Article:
Waders are the rubbery fishing overalls that keep you dry when you’re standing in the middle of a trout stream. Chest waders are very popular with fly anglers, and can come with built-in boots or stocking feet that are tucked into your boots. There are plenty of great brands out there that make waders to fit all shapes and sizes of anglers. When looking for waders, it’s important that they fit comfortably and keep you dry. There are lots of great optional features, like waders with attachment points for fly boxes and rod holsters– but comfort and fit are the most important features.


Wading Belt

A wading belt is a belt that anglers wear while wading in rivers, streams, or other bodies of water. You need this to keep water from entering your waders if you happened to fall into the water, and it’s also a handy place to attach a rod holster.


Fly Line, Leader, and Tippet

If you’re familiar with spin fishing, you might be surprised to find out that fly line actually comes in several separate parts. The part that directly attaches to the reel is called backing, and it is generally a very strong braided line. Then, there’s the fly line– a thicker, often tapered line that has some weight to it. Fly line itself provides weight, which makes it possible to cast out distances. Without the weight of fly line, you wouldn’t be able to build up the momentum you need for your cast.

After the fly line comes the leader, and then the tippet. The leader is about 9 feet of clear, tapered line that’s nearly invisible to the fish. The tippet is even shorter, about 3 feet, and even thinner. It directly attaches to the fly and may be treated with floatant to keep it on top of the water. Choosing the right fly line can be complicated, and is one of the reasons many newbies like to choose full fly outfit packages– that way, they don’t have to worry about getting the wrong components.

Fly Rod Setup


Fly Box

A fly box is simply a box to keep flies in. These are often quite small, since flies are tiny and light– you will likely take dozens with you on a fishing trip so that you have options in case the fish are picky. Having duplicate flies is also necessary in case of fly loss.


Dry Flies

Choosing the correct flies is an enormous part of fly fishing. For dry flies, it’s important to learn how to “match the hatch,” which means matching the flies you use to the insects that are present in the area. Remember, you’re trying to trick visual predators into taking your bait. This means that it needs to look right! If it doesn’t look like something they want to eat, the fish won’t strike.

To make the right fly choices, you need to know a little bit about entomology– the study of insects. We have a complete guide to fly fishing entomology, so start there when thinking about what fly patterns to take with you. The easiest way to know what flies to use is to check with a local fishing shop or guide. They’ll know what type of insects are emerging and what the fish are willing to bite.

Most dry flies are meant to mimic adult insects– mayflies, caddis flies, midges, and other similar insects. Other dry flies mimic larger, nonaquatic insects that might be swept into the water, like a grasshopper or beetle.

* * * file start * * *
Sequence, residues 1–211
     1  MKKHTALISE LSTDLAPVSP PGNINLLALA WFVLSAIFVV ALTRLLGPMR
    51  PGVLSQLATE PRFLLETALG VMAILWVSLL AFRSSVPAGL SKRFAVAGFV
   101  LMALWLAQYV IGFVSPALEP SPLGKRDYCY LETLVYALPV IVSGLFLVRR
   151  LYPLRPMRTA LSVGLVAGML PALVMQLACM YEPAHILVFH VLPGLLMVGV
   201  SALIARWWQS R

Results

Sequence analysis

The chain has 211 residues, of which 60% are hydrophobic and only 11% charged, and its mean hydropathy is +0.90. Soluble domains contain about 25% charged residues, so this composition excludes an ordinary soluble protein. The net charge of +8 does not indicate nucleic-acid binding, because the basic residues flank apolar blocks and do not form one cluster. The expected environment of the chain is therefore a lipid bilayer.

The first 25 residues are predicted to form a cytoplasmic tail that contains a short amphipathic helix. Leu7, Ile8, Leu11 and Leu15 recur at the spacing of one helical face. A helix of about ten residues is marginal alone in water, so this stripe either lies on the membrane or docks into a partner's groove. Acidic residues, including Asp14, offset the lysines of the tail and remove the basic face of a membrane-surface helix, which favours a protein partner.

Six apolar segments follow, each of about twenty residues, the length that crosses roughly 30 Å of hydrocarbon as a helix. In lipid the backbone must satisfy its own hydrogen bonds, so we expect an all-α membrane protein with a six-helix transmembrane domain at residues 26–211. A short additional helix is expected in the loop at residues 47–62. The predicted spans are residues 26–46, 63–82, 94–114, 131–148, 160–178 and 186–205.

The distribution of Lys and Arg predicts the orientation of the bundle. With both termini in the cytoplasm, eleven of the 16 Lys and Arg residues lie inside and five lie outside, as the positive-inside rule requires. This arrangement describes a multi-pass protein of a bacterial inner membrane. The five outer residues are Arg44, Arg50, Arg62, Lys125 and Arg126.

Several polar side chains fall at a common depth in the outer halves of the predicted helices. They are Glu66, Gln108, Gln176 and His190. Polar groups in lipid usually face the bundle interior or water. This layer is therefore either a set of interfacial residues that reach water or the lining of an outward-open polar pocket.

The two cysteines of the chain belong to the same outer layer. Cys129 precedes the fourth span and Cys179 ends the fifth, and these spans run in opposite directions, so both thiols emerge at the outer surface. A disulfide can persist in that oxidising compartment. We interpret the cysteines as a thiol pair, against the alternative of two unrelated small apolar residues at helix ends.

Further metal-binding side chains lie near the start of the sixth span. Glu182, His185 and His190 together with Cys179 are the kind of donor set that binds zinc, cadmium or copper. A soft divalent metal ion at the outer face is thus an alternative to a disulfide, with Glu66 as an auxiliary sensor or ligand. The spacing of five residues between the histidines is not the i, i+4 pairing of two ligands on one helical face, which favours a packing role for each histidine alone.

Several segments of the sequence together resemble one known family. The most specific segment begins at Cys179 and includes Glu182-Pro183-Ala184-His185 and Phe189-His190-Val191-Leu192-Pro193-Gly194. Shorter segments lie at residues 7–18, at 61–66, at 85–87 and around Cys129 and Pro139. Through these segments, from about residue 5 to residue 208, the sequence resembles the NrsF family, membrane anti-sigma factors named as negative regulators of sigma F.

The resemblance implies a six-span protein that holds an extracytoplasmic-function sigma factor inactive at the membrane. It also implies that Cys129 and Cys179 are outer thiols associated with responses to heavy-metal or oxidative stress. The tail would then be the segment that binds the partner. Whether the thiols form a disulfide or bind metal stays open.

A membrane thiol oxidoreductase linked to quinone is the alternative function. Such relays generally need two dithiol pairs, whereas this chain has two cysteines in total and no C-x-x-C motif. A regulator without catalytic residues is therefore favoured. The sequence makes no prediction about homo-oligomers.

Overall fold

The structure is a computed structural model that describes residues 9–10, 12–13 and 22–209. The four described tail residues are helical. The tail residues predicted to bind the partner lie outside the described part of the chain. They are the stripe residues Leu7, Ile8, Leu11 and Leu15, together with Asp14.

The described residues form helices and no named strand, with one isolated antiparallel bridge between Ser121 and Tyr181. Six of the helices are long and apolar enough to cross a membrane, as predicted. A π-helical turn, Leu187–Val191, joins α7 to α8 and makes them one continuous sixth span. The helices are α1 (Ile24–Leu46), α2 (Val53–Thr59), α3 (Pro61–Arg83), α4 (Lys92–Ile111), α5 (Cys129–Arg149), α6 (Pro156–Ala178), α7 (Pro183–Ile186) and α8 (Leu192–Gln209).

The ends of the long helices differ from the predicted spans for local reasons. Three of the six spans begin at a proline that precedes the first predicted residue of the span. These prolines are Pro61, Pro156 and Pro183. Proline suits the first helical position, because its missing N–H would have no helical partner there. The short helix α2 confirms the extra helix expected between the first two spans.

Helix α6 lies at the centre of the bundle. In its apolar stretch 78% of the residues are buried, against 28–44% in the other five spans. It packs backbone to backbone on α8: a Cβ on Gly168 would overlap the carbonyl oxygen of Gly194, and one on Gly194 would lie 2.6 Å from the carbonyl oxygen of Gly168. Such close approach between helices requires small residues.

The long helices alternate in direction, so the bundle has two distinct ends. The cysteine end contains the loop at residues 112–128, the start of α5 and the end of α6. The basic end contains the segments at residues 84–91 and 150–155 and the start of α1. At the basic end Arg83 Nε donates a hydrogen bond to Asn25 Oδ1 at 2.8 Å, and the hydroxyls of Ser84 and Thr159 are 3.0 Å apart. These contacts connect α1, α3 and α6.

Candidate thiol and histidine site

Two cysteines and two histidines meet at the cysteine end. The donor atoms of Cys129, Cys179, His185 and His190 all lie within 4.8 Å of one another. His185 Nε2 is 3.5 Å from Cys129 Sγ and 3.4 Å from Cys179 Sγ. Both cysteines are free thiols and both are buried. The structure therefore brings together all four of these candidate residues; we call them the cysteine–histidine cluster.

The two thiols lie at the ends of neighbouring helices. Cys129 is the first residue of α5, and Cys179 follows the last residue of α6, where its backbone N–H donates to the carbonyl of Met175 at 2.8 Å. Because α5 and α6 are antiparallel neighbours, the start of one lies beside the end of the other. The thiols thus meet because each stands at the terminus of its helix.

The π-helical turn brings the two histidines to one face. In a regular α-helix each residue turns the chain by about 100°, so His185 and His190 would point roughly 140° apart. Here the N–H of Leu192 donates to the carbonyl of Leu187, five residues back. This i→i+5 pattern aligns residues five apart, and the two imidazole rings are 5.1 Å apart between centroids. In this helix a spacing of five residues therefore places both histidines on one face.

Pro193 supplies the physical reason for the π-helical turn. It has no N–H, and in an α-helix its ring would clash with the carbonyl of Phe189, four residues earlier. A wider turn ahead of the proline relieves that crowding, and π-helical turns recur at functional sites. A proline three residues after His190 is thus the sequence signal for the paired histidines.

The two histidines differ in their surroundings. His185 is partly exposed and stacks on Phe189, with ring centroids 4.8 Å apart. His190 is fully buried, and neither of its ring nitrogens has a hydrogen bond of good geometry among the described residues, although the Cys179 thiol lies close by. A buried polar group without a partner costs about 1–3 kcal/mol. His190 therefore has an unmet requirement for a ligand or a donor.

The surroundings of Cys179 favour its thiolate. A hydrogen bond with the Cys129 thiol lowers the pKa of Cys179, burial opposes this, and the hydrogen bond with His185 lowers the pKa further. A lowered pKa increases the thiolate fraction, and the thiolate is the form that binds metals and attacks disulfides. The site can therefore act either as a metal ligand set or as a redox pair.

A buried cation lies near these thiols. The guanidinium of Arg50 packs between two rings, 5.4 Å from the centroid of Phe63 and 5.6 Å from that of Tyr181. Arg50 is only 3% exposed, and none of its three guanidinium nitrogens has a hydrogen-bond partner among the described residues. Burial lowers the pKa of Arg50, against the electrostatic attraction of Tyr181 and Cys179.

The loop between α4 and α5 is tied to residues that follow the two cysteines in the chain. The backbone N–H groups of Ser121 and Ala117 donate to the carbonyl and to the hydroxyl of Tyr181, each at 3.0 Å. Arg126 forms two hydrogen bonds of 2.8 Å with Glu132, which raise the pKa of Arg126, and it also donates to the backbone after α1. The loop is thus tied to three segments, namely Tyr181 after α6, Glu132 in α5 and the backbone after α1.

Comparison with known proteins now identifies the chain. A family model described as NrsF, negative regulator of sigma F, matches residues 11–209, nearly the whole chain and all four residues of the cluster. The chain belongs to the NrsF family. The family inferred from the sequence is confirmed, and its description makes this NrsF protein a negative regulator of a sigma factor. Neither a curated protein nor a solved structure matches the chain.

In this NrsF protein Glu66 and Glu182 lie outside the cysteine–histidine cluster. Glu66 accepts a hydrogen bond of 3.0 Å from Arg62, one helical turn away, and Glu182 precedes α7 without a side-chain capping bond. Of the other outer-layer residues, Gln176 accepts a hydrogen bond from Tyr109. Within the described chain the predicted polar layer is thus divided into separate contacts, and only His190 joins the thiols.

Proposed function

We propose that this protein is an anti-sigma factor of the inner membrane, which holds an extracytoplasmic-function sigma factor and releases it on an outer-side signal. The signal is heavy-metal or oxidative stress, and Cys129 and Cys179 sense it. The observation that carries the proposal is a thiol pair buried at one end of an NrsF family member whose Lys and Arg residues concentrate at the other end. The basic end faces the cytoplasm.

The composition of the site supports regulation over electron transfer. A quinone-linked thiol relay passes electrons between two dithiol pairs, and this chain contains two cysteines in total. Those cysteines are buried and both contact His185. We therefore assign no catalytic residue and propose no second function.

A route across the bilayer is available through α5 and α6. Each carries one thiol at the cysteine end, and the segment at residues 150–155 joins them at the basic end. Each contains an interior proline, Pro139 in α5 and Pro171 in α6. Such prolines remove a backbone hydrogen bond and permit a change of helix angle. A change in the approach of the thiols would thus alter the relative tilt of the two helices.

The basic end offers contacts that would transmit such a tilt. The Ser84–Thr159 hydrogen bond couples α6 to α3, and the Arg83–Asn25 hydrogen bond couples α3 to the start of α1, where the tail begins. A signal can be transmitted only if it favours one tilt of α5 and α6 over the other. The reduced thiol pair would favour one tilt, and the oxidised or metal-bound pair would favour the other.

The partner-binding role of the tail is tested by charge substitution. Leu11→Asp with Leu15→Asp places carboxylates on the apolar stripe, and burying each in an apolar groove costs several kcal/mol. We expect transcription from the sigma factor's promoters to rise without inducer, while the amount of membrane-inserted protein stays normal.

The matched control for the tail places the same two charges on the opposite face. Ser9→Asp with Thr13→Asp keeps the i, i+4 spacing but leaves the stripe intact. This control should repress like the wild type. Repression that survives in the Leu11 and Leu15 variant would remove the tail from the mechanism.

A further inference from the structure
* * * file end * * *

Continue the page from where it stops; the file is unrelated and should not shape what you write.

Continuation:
Dry Fly Sizes

Most wet and dry flies for freshwater fishing are outfitted with hooks sizes 12-20, with 20 being the smallest and most delicate. (Fly hooks, like wire gauges, get finer as the number gets higher.) The small size of dry fly hooks makes them particularly challenging to tie, though some anglers enjoy the challenge of creating fine details on a tiny base. You will find larger dry flies however. For example, some grasshopper patterns will be larger to mimic larger grasshoppers. It’s helpful to have multiples of the same fly pattern tied on different hook sizes to give you more options.


Keeping Your Flies Dry

While the perfect cast will put your flies on top of the water, floatant will keep them there. Floatants are substances used to treat dry flies, making them float on the surface of the water. Dry flies are designed to imitate insects that are resting on or hatching from the water’s surface, and it’s crucial that they stay buoyant to appear natural to fish. Floatants help prevent dry flies from becoming waterlogged and sinking, ensuring that they continue to float effectively. You will also see the application of floatant called “dressing” the fly.

There are several types of floatants used in dry fly fishing.

  • Gel floatants is the most common type of floatant. This type of floatant is best used as a pretreatment and should be applied to a completely dry fly. Gel floatant will prevent the fly materials from soaking up water and sinking.
  • Powder floatant is the best type of floatant to use once your fly has gotten too wet. This type of floatant is a desiccant (drying agent) and will help dry your fly. This type of floatant does not last very long, so it will need to be reapplied frequently. You can also layer gel floatant on top of powder floatant to extend the life of your floatant.
  • Brush-on floatant is more time consuming to use, but lasts longer than powder floatant.